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Near death by bagpipe

(Source: www.bagpipes.co.uk)

Beware the dangers that lurk deep inside the bagpipe.

Today via ProMed-Mail, I read about the case of 77-year-old John Shone, an expert classical bagpiper from Wiltshire, England. While preparing for an upcoming performance, Shone fell sick and was hospitalized for four weeks with a near-fatal lung infection.

Doctors were stumped by what was sickening Shone, who found himself "extremely tired and slowly fading away," according to The Scotsman. But then a consultant questioned him about his hobbies -- and discovered his love of Highland music.

Shone's son fetched his bagpipe and pathologists discovered "a heavy growth of fungal cultures lurking inside," The Scotsman reports -- and the spores were being inhaled by Shone as he practised. Having finally identified the culprit making Shone sick, his doctors were then able to prescribe him medication that worked.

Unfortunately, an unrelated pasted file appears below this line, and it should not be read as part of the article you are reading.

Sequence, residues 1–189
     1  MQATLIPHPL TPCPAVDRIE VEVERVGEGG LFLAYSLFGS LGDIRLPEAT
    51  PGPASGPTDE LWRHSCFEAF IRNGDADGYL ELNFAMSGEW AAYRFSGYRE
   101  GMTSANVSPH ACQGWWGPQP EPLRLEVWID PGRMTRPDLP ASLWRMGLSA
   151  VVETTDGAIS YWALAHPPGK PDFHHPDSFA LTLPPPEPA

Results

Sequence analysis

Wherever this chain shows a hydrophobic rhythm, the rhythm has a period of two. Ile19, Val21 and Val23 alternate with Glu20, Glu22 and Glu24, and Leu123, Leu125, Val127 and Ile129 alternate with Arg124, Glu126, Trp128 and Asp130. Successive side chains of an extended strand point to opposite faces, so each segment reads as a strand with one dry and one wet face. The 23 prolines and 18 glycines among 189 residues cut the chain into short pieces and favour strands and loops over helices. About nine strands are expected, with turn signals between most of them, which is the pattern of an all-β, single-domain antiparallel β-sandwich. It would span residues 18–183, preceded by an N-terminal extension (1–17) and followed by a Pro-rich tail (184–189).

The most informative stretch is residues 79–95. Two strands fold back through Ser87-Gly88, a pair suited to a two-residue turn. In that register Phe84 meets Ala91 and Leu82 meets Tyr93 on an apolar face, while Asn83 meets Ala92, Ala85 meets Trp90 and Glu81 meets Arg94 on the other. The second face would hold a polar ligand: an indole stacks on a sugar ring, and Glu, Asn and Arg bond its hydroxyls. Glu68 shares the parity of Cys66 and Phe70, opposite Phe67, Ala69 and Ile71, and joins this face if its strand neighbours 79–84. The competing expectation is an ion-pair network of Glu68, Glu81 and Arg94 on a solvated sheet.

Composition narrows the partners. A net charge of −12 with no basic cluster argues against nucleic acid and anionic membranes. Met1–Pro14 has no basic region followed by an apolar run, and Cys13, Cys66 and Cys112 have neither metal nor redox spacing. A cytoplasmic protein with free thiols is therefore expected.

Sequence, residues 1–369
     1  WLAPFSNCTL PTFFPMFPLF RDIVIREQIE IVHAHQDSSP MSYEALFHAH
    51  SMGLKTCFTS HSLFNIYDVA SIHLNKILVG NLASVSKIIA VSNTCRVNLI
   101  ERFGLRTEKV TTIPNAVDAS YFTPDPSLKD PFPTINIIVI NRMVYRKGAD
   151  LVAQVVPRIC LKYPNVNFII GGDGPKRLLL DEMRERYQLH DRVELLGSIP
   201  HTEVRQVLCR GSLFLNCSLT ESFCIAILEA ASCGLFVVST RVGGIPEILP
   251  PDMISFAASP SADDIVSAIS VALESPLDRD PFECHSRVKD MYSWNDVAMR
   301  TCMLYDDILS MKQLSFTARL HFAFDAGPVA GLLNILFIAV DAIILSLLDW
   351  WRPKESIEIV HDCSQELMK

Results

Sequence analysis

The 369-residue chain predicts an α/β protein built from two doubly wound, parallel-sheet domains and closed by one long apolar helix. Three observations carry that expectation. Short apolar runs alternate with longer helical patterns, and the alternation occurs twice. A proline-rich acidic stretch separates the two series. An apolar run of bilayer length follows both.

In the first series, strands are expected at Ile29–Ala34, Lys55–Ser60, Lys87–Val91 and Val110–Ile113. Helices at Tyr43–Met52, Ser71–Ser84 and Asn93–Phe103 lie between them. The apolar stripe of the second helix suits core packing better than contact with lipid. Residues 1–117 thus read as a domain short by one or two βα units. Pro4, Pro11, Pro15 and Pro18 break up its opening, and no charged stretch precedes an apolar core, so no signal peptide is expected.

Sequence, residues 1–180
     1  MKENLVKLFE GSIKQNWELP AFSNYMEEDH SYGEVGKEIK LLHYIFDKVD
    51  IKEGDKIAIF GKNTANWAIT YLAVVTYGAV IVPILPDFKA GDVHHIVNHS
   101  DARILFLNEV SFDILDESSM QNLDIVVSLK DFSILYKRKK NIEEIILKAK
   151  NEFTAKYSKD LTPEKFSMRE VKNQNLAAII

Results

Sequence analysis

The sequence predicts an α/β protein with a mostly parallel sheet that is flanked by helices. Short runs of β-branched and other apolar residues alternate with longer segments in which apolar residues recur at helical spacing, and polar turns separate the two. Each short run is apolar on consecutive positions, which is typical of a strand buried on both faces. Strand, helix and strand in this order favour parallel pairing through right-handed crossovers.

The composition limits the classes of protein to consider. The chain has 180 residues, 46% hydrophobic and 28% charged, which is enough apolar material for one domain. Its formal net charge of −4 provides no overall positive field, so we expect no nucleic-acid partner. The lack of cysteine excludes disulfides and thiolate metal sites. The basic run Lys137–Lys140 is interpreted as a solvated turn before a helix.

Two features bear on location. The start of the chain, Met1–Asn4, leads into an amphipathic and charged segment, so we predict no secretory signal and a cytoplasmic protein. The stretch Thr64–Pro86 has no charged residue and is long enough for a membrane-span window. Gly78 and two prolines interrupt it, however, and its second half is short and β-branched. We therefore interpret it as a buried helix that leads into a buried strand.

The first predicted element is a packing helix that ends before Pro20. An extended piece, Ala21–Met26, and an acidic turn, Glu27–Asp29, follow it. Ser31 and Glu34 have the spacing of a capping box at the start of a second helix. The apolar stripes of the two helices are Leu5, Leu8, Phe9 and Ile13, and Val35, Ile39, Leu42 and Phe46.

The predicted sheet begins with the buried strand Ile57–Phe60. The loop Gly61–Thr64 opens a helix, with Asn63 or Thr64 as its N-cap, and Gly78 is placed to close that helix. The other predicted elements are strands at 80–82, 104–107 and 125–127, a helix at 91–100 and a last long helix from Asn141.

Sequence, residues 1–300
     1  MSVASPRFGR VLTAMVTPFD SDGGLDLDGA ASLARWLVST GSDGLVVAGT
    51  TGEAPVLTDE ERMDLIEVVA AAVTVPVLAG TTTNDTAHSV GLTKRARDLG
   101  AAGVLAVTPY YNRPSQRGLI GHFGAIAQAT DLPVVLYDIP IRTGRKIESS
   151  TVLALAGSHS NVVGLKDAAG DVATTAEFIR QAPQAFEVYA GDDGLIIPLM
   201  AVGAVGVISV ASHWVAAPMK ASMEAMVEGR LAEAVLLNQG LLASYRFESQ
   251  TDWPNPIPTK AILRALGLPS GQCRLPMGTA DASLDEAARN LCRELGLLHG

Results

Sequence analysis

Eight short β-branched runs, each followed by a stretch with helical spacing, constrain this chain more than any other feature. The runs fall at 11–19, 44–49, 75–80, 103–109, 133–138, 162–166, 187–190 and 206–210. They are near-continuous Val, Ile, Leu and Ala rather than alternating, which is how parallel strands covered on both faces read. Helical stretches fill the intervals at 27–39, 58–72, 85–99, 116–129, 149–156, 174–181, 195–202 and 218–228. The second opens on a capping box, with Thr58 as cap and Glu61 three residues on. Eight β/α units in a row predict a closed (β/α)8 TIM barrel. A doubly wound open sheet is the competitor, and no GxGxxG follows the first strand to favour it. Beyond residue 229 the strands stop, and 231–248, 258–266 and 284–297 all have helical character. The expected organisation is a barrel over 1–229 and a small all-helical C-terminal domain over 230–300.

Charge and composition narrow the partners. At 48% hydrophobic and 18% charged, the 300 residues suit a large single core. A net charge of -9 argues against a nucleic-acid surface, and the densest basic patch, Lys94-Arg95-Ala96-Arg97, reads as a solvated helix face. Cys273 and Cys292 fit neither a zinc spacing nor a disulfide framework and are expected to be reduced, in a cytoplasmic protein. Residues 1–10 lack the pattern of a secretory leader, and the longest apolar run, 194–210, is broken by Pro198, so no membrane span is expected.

According to Shone -- who is now recovering but about 14 pounds lighter -- he had neglected to clean out his bagpipes for about 18 months.

His experience has led the Piping Times -- considered the "bible of the bagpiping world, according to The Scotsman -- to issue a warning about the potential perils of dirty pipes.

As for Shone, he is now back to playing his favourite instrument -- and, presumably, improving his bagpipe hygiene habits.

Jennifer Yang is the Toronto Star’s global health reporter. She previously worked as a general assignment reporter and won a NNA in 2011 for her explanatory piece on the Chilean mining disaster. Follow her on Twitter: @jyangstar


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As a preventative -- always drink 6 oz. of scotch before playing the bagpipes. All Scots are taught this from an early age.

A great and useful discovery which will probably help other bag pipers from the same medical problem.

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